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ARS Home » Southeast Area » Fort Pierce, Florida » U.S. Horticultural Research Laboratory » Subtropical Plant Pathology Research » Research » Publications at this Location » Publication #224421

Title: Evaluating Hot-Water Treatment as Means to Reduce Xanthomonas fragariae in Strawberry Nursery Stock: Field trials.

item Turechek, William
item Peres, Natalia

Submitted to: Phytopathology
Publication Type: Abstract Only
Publication Acceptance Date: 4/1/2008
Publication Date: 6/1/2008
Citation: Turechek, W., Peres, N. 2008. Evaluating Hot-Water Treatment as Means to Reduce Xanthomonas fragariae in Strawberry Nursery Stock: Field trials.. Phytopathology. 98(6)S160

Interpretive Summary:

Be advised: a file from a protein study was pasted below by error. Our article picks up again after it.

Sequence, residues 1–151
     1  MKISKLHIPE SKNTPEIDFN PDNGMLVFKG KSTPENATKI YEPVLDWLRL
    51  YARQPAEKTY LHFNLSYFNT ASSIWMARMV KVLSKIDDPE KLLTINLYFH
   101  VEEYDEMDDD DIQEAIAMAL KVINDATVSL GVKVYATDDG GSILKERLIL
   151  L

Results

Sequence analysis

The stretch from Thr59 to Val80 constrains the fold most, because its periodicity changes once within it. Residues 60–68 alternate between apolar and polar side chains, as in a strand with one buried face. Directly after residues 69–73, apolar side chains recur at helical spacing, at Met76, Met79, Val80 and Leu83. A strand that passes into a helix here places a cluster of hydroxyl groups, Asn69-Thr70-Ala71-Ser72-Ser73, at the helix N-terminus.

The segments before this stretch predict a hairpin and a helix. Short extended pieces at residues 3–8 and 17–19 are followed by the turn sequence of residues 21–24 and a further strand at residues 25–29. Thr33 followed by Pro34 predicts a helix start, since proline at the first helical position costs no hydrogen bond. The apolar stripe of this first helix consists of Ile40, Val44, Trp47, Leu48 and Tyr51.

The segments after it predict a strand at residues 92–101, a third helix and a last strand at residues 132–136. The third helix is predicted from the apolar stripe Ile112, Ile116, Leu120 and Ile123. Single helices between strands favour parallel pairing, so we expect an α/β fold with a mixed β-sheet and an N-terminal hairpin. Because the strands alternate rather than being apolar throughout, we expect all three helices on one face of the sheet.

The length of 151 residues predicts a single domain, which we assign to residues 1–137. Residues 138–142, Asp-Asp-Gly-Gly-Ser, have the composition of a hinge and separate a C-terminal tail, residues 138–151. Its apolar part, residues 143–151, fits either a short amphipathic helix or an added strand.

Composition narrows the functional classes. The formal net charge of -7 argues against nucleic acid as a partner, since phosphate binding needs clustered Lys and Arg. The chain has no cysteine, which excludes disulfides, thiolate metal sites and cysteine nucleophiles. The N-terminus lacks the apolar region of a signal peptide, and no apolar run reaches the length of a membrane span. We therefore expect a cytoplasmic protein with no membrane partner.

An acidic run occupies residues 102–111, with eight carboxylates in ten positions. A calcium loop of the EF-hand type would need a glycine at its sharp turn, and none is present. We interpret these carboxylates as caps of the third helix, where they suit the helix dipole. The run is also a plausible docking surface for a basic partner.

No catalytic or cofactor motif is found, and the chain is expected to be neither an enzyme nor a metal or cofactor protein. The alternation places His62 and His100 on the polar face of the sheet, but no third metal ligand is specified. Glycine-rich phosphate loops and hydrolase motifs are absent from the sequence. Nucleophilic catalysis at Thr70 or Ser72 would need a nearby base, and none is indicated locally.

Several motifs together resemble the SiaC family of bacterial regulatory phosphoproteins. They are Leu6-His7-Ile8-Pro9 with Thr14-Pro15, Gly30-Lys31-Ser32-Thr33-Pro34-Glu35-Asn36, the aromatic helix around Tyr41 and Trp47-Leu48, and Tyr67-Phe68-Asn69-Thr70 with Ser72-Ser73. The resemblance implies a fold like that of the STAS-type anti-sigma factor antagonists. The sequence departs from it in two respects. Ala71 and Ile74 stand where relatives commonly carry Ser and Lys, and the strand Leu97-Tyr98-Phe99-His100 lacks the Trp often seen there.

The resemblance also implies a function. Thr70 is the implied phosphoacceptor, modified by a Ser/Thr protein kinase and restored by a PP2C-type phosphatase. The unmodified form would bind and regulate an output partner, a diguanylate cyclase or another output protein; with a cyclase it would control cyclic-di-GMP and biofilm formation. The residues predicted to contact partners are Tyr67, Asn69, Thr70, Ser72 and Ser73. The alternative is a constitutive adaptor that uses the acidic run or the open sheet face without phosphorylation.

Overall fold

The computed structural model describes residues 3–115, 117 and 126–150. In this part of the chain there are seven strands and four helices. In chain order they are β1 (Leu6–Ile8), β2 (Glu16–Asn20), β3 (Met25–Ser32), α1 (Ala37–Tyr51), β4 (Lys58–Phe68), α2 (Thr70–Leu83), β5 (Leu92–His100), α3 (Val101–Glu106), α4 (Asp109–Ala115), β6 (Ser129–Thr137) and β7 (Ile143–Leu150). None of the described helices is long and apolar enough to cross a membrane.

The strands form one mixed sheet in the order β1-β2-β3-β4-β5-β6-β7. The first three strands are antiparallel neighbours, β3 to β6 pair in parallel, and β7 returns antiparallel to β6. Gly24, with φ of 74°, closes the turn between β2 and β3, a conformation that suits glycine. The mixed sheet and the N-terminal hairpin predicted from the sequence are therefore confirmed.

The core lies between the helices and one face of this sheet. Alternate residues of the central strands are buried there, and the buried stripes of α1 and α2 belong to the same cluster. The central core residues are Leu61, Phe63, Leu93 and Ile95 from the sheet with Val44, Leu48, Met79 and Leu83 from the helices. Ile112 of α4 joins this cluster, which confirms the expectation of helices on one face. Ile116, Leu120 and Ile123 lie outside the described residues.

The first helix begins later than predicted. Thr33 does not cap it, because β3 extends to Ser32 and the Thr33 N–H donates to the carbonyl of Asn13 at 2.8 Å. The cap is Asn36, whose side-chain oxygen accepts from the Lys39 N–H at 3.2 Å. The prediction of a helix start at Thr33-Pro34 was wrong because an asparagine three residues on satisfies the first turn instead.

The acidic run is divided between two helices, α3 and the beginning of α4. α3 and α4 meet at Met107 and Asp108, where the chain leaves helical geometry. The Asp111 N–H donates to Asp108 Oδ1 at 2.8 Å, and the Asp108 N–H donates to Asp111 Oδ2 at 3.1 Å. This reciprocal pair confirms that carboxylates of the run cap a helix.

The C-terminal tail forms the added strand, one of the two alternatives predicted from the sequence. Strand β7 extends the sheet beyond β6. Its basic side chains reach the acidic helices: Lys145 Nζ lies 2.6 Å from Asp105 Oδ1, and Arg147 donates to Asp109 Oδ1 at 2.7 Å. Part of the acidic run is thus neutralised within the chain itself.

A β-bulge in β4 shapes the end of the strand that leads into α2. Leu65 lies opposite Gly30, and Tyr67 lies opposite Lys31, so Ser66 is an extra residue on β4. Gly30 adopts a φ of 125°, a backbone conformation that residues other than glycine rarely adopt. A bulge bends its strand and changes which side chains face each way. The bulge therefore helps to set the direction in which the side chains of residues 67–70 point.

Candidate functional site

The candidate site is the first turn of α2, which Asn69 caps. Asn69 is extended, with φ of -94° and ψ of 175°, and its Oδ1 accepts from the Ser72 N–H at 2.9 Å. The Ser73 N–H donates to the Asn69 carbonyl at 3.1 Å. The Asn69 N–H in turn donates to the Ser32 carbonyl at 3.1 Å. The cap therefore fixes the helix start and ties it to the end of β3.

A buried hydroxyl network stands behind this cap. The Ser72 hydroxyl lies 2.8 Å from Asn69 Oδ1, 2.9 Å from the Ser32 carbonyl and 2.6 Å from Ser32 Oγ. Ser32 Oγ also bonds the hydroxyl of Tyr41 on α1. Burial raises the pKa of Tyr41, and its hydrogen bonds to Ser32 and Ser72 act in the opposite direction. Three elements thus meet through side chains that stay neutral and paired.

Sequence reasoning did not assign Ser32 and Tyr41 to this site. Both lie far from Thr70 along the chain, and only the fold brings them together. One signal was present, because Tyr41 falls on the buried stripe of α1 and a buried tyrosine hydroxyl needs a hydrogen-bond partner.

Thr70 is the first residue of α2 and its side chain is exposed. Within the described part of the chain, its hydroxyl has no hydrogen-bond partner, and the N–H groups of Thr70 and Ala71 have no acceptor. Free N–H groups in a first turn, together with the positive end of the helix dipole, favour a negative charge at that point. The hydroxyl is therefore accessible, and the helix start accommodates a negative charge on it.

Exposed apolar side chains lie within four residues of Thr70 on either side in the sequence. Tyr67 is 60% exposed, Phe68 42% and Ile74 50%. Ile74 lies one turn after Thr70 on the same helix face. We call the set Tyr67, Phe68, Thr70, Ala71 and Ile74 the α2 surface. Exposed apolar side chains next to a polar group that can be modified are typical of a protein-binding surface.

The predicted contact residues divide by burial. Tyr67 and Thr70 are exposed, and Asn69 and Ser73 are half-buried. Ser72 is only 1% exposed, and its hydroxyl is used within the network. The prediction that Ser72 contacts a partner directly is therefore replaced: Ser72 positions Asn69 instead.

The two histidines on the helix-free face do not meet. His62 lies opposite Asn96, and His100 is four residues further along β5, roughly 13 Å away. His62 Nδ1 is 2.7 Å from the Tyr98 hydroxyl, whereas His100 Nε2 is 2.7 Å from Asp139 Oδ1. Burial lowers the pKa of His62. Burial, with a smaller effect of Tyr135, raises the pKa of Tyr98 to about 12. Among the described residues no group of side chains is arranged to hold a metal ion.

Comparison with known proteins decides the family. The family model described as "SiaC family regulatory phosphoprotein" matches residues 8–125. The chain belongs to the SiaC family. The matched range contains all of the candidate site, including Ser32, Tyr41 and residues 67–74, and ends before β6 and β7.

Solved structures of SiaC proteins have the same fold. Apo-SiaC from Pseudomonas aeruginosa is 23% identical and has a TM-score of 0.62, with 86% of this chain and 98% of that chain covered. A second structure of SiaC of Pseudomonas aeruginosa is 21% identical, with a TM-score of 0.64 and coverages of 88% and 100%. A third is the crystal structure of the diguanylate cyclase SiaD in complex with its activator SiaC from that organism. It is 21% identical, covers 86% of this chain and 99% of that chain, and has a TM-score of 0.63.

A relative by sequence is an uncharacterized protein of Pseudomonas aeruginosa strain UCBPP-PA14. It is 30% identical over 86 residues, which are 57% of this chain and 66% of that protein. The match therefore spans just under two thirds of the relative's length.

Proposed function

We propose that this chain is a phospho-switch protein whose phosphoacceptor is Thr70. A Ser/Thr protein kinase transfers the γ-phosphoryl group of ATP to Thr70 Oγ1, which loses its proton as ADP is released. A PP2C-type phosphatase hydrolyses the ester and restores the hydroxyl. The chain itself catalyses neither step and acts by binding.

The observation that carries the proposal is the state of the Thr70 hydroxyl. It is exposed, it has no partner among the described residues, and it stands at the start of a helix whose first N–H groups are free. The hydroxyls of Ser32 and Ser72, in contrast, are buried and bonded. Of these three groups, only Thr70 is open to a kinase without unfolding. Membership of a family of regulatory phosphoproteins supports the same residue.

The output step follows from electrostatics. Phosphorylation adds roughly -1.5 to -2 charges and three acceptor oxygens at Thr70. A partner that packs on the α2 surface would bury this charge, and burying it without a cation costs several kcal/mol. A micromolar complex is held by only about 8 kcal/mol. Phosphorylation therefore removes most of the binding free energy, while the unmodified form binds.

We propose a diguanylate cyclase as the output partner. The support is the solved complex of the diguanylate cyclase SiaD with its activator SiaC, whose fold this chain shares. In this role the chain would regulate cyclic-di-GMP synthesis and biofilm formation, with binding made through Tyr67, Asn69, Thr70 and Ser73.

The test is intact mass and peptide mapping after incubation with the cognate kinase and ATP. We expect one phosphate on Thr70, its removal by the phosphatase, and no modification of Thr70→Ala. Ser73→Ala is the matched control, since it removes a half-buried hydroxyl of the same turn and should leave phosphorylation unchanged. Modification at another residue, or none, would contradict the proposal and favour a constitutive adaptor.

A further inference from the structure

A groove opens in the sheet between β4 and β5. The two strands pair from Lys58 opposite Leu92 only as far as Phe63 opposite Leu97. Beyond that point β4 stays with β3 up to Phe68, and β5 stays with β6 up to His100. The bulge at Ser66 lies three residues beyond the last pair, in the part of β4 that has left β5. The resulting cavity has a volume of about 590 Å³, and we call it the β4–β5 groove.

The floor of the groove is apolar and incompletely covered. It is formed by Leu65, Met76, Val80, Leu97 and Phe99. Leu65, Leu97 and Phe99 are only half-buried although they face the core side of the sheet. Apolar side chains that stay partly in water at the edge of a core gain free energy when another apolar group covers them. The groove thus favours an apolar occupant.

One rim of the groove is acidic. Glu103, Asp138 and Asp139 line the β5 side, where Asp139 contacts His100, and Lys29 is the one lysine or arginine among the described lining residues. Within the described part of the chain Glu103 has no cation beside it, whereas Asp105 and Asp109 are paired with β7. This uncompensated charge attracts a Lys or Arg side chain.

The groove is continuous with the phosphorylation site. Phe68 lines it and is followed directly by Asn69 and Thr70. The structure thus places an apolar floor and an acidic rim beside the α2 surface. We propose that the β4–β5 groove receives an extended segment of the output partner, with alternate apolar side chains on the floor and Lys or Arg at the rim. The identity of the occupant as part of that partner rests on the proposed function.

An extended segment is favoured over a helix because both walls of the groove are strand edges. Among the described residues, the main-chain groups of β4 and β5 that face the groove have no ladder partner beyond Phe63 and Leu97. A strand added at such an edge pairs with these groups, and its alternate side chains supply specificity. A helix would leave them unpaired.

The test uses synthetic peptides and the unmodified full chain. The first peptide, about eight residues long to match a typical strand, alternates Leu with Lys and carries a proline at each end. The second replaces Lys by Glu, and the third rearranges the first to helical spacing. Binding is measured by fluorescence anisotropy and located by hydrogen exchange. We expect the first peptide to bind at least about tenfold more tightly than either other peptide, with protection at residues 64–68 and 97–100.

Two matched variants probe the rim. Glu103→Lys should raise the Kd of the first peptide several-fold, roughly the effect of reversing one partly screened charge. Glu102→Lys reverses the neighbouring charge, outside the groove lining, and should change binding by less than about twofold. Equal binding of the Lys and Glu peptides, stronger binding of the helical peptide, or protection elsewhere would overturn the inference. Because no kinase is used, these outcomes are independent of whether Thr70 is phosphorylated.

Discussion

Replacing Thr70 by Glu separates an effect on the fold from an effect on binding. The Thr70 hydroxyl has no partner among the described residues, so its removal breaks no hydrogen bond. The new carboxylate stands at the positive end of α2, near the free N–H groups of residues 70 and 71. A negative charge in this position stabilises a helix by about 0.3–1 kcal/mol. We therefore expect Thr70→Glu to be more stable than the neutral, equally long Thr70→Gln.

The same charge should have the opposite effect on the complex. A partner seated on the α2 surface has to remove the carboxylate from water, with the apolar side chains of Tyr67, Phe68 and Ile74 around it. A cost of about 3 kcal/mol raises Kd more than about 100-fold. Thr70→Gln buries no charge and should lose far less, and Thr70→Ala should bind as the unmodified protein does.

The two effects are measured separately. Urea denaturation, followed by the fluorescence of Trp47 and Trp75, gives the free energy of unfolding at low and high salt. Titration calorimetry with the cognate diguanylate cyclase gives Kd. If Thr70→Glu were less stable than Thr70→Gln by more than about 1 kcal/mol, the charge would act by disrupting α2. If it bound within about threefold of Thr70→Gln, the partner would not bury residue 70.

Technical Abstract: Angular leaf spot (ALS) is an important disease of strawberry that is transmitted to production fields through infected nursery stock. This creates problems for nurseries who export plants to Europe because of quarantine restrictions and for US growers who expect to receive pathogen-free plants. The southeastern states are particularly vulnerable to ALS due to the likelihood that overhead irrigation will be used for frost protection during the season. In previous reports, we showed that bacterial populations were reduced >99% when exposed to 2 hr at 48 C or 4 hr at 44 C. These same treatments were applied to several different strawberry cultivars in greenhouse trials to determine if the plants could withstand the heat treatment. A few varieties, notably ‘Ventana’ and ‘Diamante’ were severely stunted at 48 C, but faired better at 44 C. In this poster, we report on the results of field trials conducted in Maryland and Florida where several varieties were treated, planted in raised beds and then evaluated for their ability to withstand heat treatment and incidence of ALS. The survival rate amongst cultivars was variable, but generally was high for varieties that showed good tolerance to heat treatment. The development of ALS was observed at very low incidence in only a few of the heat-treated plots. However, the incidence of ALS was significantly higher in untreated plots, particularly in Florida, where nearly all control plots developed the disease. These results indicating that heat treatment may not be suitable for all varieties due to their inability to withstand heat treatment, but were very promising for those that could. We intend to continue with this work and develop a protocol that could be implemented at the production scale.